#RealWebApp, E2E, Part 1

I spent the past two weeks applying all I know about web application development to a real project for a real client. While I’ve built numerous websites for clients by now, this is the first time I actually built a web application outside of work (where I’ve been building web apps for 2 years now, so I guess it’s not that impressive…) I’ve built a couple personal projects (one of which can be found here) just to solidify all that I’ve been absorbing at work, but until now never had a chance to put it to use beyond the corporate environment.

The scenario for the project is: Users log in with an account created by the administrator and they can add job positions they’re hiring for to their account. Then, after filling out some forms, they can download Word Docx files pre-filled with the data from the forms filled in in the app. Easy peasy, you exclaim! This probably means you haven’t tried integrating with MS Office formats before…

In addition to the above requirements, I added a few things like a Settings panel in which users can toggle autosave, its delay, and the view mode (boxes or tiles) for the position listing. This panel can, in the future, be expanded to store more settings if the app grows. There’s also an administrator panel visible only to the Admin (first user in the database). In the admin panel, you can view, add, delete and edit the current users. You can reset passwords for them (not view passwords though obviously, since they’re hashed), change their status to Trial (there are some trial restrictions in place) and disable their accounts, which will simply prevent them from logging in, while preserving their data.

The app is built on ASP.NET MVC, using MSSQL as the back-end and KnockoutJS in the front. I used my favorite SQL microORM, Dapper, for reading and writing the database. If you’re an ASP.NET dev, you may be scratching your head now; “But Paul, you already had EntityFramework in place, why use a microORM?” In fact, I don’t ever use EF if I don’t have to. Actually, even at Microsoft we don’t use EF in every project. Usually when I start new ASP.NET projects, I start a blank slate and just add the libraries I need off nuget. I’m not a fan of ASP.NET’s Identity either, but 90% of my distaste is its dependency on EF. I heard that’s supposed to change in ASP 6. If it does, I’ll be all over it, because Simple Membership is pretty behind now when it comes to oAuth 2.0 and such…

Working with Knockout has been a total blast. I’ve been using it at work since February, and the more I do, the more I love it. The one and only drawback is its rather lackluster binding debugging support (there are Chrome plugins but they kinda suck – not like Ember’s chrome tools…) Sometimes I’ll have some binding issue and I won’t be able to tell what it is without hunting it down in Chrome tools via the stack trace, which can sometimes be 30+ steps long. That’s one thing that sucks about using frameworks!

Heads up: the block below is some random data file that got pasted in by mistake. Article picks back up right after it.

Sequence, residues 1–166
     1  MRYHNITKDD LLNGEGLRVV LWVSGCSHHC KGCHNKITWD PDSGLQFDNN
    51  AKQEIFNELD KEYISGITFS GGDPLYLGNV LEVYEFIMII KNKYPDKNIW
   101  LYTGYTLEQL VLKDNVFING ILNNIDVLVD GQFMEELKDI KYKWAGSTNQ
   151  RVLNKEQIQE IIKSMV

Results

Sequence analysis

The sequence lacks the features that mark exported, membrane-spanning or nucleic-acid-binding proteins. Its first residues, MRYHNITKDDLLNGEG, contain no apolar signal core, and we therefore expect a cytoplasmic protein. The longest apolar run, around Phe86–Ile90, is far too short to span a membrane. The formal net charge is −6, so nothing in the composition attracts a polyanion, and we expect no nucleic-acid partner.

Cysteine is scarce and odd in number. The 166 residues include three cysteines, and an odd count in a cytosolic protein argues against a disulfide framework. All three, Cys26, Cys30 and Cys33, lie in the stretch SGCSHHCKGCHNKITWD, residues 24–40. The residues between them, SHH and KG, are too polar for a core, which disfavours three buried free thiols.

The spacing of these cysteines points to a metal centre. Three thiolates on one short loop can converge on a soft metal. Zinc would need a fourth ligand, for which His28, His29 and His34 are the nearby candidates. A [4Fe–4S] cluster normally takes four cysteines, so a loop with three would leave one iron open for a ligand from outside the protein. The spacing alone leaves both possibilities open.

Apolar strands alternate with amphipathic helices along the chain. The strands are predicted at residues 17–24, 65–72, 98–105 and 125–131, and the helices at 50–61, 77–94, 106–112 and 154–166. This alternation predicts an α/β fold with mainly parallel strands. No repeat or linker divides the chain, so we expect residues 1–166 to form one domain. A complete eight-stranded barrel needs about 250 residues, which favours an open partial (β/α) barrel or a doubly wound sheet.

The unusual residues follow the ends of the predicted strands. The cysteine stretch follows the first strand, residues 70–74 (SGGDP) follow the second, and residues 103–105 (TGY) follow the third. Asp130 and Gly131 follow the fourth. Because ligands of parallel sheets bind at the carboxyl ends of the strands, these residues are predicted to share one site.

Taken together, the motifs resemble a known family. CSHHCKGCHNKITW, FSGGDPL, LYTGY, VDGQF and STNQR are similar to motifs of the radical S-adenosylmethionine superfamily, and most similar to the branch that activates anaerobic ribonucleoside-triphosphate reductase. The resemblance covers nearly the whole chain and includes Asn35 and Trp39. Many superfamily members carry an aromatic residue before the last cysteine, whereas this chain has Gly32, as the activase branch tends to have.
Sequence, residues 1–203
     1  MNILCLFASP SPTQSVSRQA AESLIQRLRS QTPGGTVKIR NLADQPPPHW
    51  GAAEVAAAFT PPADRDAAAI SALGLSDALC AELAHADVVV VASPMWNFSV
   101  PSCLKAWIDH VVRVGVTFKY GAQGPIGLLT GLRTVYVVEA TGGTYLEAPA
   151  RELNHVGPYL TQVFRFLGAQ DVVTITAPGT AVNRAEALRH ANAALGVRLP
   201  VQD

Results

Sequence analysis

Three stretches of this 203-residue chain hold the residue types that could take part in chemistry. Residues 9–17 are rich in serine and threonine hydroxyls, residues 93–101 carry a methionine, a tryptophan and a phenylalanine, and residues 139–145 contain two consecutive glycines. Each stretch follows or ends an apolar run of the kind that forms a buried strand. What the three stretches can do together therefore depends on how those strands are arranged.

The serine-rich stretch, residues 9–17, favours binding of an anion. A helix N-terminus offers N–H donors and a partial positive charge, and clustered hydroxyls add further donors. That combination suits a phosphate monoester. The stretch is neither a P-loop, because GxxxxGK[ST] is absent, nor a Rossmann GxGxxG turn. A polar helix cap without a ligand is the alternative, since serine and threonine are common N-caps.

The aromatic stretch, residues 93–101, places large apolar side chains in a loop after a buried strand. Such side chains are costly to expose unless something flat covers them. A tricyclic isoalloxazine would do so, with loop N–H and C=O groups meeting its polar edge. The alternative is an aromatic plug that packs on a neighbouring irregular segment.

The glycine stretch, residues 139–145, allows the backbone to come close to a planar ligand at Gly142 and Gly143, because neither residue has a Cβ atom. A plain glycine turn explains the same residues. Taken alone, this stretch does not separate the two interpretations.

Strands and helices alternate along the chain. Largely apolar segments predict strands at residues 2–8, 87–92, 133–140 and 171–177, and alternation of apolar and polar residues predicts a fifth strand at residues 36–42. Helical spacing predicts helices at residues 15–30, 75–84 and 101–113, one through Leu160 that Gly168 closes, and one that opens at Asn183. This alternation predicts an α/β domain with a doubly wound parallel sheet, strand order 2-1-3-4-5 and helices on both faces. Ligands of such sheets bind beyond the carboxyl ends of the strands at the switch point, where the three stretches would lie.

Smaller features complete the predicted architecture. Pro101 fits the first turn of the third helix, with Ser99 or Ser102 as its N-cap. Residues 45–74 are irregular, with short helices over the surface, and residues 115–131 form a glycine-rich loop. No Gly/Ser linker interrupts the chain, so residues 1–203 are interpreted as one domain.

In the next part, I’ll talk about the actual process of building the web app from File > New to handing off to the client.

A Year With Knockout

One year ago I was still working primarily in Backbone (at my job), but already looking into other frameworks. Earlier this year I thought I would be all into Ember. Alas, that was not to be. Since March 2015 I’ve been working primarily in Knockout. It’s been a blast!

Despite how Knockout markets itself – a data-binding framework – it’s far more than that. You can write an entire, complex web application with it. The new Azure Portal is written in Knockout, and it’s actually pretty incredible. To me, Knockout is the right mix of defined structure with freedom to use other tools and libraries without too much hassle. Backbone was too lax, and Ember was too rigid.

In addition to Knockout I’ve been using Numeral (number formatting), Moment (date formatting), Pager (for routing), and of course jQuery / jQueryUI plugins to beef up the UX. All this was initially tied together using ASP.NET MVC’s bundling feature which I find very convenient, but as the application grew in scope, so did the demand for modular code. To that effect, I took to NodeJS and Gulp+Browserify. It ties in with Visual Studio 2013 Update 5 pretty well, and with Visual Studio 2015 beautifully.

NodeJS is a bit of a chore to get started with initially, especially coming from the structured world of .NET, but a day and a few tutorials are enough to get up and running with the basics. Gulp is a Node package meant to automate tasks such as minifying and concatenating. Browserify is a package which enables modular code in Javascript, similar to RequireJS. Browserify doesn’t actually asynchronously load modules though, unlike Require… which I think is fine, because who does that in Web Apps anyway?? I would imagine most people who use Require just use r.js to compile a single package for clients to download.

Together with Node, Knockout is a beautiful experience. There are some quirks you have to get used to like prefixing variable names inside your HTML with module names, and instantiating modules inside your viewmodel before using them in the HTML to begin with, but once you master those, everything else just flows like water. If you’re looking for a JavaScript framework to learn or use in your next project, look at KnockoutJS.

Perfect Hard Boiled Eggs

I will share with you what I believe to be the perfect recipe for hard boiled eggs. I generally make these when I need them for an egg salad, but they can of course be eaten straight up, or on bread, or whatever… Ok, here goes:

  1. Put the eggs in a saucepan.
  2. Pour cold water into the saucepan to cover the eggs about 2-3cm (1in).
  3. Turn the heat up to high and put the saucepan on.